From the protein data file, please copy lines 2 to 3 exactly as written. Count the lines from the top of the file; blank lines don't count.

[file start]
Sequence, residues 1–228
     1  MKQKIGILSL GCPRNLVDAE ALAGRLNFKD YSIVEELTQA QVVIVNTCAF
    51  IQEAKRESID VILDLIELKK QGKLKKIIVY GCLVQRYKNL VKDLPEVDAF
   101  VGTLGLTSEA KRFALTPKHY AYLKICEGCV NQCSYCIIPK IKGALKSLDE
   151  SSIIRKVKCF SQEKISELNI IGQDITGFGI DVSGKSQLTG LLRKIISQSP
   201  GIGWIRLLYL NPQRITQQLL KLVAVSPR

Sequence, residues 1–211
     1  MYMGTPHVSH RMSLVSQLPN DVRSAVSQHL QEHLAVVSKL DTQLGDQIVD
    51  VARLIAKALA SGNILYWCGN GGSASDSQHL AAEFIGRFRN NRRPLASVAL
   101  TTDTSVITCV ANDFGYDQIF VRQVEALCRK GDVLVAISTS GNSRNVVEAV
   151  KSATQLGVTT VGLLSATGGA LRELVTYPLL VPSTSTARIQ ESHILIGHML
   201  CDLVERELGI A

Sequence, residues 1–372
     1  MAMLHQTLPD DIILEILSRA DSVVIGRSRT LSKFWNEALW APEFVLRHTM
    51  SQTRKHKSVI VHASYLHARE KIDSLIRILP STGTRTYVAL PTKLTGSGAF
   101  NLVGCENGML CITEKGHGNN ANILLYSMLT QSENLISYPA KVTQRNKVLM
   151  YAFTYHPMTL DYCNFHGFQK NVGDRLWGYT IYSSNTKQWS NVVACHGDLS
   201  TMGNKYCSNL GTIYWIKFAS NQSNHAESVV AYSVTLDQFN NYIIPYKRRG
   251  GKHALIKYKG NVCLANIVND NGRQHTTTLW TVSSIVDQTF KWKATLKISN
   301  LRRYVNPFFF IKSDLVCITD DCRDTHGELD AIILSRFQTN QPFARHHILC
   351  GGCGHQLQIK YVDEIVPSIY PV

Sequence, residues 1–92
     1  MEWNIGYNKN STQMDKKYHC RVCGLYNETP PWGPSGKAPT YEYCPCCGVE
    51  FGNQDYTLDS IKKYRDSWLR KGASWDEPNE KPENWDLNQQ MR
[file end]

     1  MKQKIGILSL GCPRNLVDAE ALAGRLNFKD YSIVEELTQA QVVIVNTCAF
    51  IQEAKRESID VILDLIELKK QGKLKKIIVY GCLVQRYKNL VKDLPEVDAF